Then: “Let him go. And I will stay in his place.”
It’s better than having an unknown man in your castle, so you agree.
“My name is Belle,” she tells you are dinner.
“Beautiful?” you ask.
“Do you disagree?” Her eyes are alight with fire. She is strong, with spirit and courage and determination. You stay silent; in her challenge, her strength, she is the most beautiful person you’ve ever seen. You can’t disagree.
You snarl and howl and scare her off the moment her hand drifts too close to the rose. The blinding panic begins to fade. You look over the rose and feel a shiver go down your spine as a petal falls off and floats gently down to the table.
Distantly, you hear a horse cry out, and when you look out from the balcony, Belle is riding away into the forest.
She doesn’t understand the situation she’s fallen into. But she fought through everyday without fear. In the few days you’ve known her, Belle has become the brightest thing in the castle, your own personal sun in this endless winter. You will never forgive yourself if Belle is hurt because you couldn’t keep your temper in check. So you use the monstrous strength of your body and leap from the balcony.
No matter what happens, you will save Belle.
You remember the wolves. You remember Belle. And then you remember nothing at all.
When you wake up, you are inside, on an armchair besides a fire. Belle cleans your wounds despite how you snap at her. She presses a kiss to your bandage and blushes, unable to look you in the eye.
You heart stutters, then speeds up and for a moment, you are grateful that your fur can hide how flustered you’ve become.
Belle laughs as you trade childhood stories, ranging from the time you hid in a suit of armor and scares the servants, to the time she dropped enough books on a bullies head to knock him out.
Later, you realize that you didn’t once think of the curse, of your beastly body, of the future. All you thought of is Belle.
Somehow, you manage to stutter through asking her to a dance. What you didn’t prepare for was the panic that came with getting ready. Lumiere and Cogsworth bicker and offer conflicting advice; you resort to flicking them with soapy water.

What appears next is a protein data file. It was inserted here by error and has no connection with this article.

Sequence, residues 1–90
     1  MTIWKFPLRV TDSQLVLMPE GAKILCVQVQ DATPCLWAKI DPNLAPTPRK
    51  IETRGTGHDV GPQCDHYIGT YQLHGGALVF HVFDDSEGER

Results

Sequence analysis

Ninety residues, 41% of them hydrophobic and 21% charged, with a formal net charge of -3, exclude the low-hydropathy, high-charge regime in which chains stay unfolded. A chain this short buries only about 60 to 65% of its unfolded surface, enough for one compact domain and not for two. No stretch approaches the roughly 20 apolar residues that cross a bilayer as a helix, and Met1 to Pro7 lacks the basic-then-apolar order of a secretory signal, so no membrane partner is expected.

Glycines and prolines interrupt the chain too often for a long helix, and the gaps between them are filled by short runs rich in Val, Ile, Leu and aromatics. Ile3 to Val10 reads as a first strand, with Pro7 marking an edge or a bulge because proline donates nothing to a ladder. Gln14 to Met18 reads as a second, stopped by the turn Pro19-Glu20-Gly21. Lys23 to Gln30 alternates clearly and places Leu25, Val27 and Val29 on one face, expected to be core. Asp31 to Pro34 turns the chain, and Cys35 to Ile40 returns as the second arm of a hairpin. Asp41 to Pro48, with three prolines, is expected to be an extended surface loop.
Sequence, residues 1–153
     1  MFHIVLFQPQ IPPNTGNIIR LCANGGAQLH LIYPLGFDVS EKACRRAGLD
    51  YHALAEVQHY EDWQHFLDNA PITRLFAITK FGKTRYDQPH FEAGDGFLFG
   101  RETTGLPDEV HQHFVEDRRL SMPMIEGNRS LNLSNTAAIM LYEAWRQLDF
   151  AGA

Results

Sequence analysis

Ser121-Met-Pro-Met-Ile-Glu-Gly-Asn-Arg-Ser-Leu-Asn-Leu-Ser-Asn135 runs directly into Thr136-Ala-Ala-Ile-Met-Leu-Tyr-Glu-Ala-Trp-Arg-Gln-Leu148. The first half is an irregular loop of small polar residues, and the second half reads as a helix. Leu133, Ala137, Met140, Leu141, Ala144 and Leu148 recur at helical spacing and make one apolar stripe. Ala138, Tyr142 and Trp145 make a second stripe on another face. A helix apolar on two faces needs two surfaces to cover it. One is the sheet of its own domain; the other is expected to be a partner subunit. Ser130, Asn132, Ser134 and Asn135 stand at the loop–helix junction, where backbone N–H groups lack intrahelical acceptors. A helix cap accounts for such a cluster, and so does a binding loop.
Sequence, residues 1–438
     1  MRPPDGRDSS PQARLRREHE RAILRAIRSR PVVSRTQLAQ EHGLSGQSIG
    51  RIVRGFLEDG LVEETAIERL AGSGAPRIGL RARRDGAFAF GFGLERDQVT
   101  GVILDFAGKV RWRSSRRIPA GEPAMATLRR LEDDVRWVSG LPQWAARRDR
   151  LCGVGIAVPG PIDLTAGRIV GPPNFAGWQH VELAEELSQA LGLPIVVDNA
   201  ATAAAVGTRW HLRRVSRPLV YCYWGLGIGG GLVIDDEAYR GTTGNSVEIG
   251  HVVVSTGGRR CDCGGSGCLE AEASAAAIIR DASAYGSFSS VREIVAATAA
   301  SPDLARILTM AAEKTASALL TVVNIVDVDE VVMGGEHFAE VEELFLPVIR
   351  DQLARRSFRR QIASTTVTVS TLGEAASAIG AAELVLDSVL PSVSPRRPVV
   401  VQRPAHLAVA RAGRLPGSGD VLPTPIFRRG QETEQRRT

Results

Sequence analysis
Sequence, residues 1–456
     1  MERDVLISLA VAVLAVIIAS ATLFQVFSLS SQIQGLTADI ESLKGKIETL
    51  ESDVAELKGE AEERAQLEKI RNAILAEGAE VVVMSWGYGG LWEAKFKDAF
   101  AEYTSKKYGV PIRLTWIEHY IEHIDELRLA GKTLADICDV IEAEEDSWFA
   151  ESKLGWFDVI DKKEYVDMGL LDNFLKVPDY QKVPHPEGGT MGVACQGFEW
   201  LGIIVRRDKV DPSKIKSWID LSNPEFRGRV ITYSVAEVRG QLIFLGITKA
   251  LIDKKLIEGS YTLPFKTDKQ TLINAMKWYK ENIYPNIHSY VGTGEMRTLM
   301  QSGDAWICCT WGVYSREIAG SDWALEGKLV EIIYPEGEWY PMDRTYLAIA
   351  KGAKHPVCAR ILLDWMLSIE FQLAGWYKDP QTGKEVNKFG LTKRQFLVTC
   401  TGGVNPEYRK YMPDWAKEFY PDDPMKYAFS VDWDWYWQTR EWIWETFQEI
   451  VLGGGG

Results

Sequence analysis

You look into the mirror and watch as Lumiere works on your hair. You are still too beast, too much fur and teeth to be loved by someone as lovely as Belle. Even more so with the power Lumiere dumped on your face.
You go back to the bath, though not without giving him a foul look.
You dance with the woman of your dreams, dressed in finely spun gold. She glows under the candlelight and her smile lights up the ballroom.
You forget your early insecurities and shame; with Belle, you feel loved.
You let her go to save her father. There are two petals left on the rose. Her happiness will always be worth more than yours. As long as you can keep her happy, you’ll be okay, curse or not.
It may make you selfish, but you don’t really care.
The yells don’t rouse you. The name of your love on that man’s vile lips is. He gloats about taking her as his wife; you howl and let go of your humanity.
As if you’d ever give up Belle to a man as disgusting as Gaston.
You win the fight, though not without a gunshot to your gut. Gaston falls to his death. You only feel dim satisfaction. Belle is safe from him; that’s all that matters.
And then: Belle.
“I love you,” she whispers. You smile as the world fades away; your only regret is that you couldn’t tell her that you love her too.
The curse breaks. The rose vanishes with the beast. Before you: the love of your life, frozen with disbelief, tears still running down her cheeks. You reach out; it’s a human hand that cups her cheek, that thumbs away her tears.
Your heart has never felt so whole.
“Belle,” you breathe. She looks up at you, a hand on yours, and smiles. You truly are blessed, you think, and finally, finally, kiss her.